Most of us trust fate and we believe whatever we do is a process of something that is predetermined for us. If you in any case lose all your money, wealth, and earnings far away from your hometown in an unknown city, you surely will curse your fate. However, for Zeno of Cyprus, it became the building block for his lifelong endeavors and achievements.
Around 300 BCE, the once affluent merchant lost everything in a shipwreck in Athens. Having lost everything and nothing more to lose or gain he entered a bookshop. There he read about Socrates and his philosophy, as he was influenced by Socrates, he moved with the known city philosophers and sought more knowledge. Zeno then started teaching his students and soon came up with his philosophy named Stoicism, which included the wisdom of self-control, virtue, and tolerance. His philosophy still influences great leaders and thinkers.
In ancient Greece, Stoicism was named after the Stoa Poikile, the magnificent public space where Zeno and his devoted followers gathered for discussion. In modern times, we commonly use the word stoic to describe one with a strong sense of self-control under pressure and who avoids extremes of emotion. Yet, while this encapsulates important traits of Stoicism, ancient philosophy was far more than a way of thinking.
Thoughts of Stoicism Philosophers
The Stoics were convinced that all that exists around us proceed in accordance to a link of cause and effect, deriving from a systematic model of the cosmos, referred to as logos. And although we might not often have authority over the events around us, we have control over our response to them. Rather than creating an envision of an ideal society, the Stoic prefers to cope with reality as it is.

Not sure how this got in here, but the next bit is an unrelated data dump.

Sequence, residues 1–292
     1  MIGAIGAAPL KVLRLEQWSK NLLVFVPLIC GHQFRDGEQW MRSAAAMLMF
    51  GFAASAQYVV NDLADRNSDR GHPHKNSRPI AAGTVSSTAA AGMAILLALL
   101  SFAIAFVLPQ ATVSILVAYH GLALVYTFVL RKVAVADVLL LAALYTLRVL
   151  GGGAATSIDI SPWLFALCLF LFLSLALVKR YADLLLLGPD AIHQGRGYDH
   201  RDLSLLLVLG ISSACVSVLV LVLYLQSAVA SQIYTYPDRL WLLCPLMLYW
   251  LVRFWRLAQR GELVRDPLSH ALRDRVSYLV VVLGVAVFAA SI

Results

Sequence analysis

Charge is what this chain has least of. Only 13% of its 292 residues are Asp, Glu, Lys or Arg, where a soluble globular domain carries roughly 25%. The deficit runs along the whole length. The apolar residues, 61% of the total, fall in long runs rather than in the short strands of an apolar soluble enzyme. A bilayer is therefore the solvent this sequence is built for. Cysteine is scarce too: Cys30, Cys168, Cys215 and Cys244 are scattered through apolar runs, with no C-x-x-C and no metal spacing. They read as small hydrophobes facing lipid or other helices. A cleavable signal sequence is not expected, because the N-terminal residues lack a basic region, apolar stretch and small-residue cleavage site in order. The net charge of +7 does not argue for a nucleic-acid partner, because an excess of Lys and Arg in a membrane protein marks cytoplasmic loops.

Stoics promoted self-improvement by practicing four fundamental virtues:
Practical wisdom, the capability to handle challenging circumstances in a logical, informed, and calm manner;
Tolerance, the virtue of temperance and balance in all domains of life;
Equity, judging others with equity even if they have been wrong;
And courage, not merely in extreme conditions, but addressing daily hardships with dignity and honor.
Stoicism emphasizes personal growth and improvement, but it’s not a me-centered way of thinking. During the time when slaves were considered property under Roman law, Seneca advocated for their righteous treatment and insisted that humanity is universal. Stoicism never encourages a passive attitude.
Stoics definition of life.
The principle is that only individuals who have developed integrity and self-control in their own lives can bring meaningful change in society. One of the most renowned Stoic philosophers was the great emperor of Rome. Over the span of his 19-year term as Emperor, Stoicism gave Marcus Aurelius the will and determination to steer the Empire through two devastating wars, while struggling with the death of many of his children.
Centuries later, Marcus’s journals would support and encourage Nelson Mandela throughout his 27-year prison sentence during his campaign for civil rights and racial harmony in South Africa. After his release and ultimate victory, Mandela emphasized peace and harmony, acknowledging that while the irrationalities of the past couldn’t be undone, his nation could deal with them here and now and attempt to build a brighter and more just society.
Stoicism was an influential branch of philosophy for several millennia in Greek culture and the Roman Empire. As a traditional institution, it withered away, but its legacy has lasted to this day. Catholic philosophers, notably Thomas Aquinas, have appreciated and embraced its focus on the values, and there are similarities between stoic tranquility, or peace of mind, and the Hindu concept of liberation. One of the most notable Stoics was the philosopher Epictetus who said that hardship arises not from the circumstances in our lives, but our perceptions about them. This has been reflected heavily with mainstream psychology and the self-help movement.
For example, practical emotional coping therapy concentrates on altering the self-defeating perceptions people form about their life experiences. Then there is Viktor Frankl’s logotherapy. Inspired by Frankl’s own experience as a concentration camp prisoner, logotherapy is built on the Stoic philosophy that we can utilize our inner strength to infuse our lives with purpose, even in the darkest situations.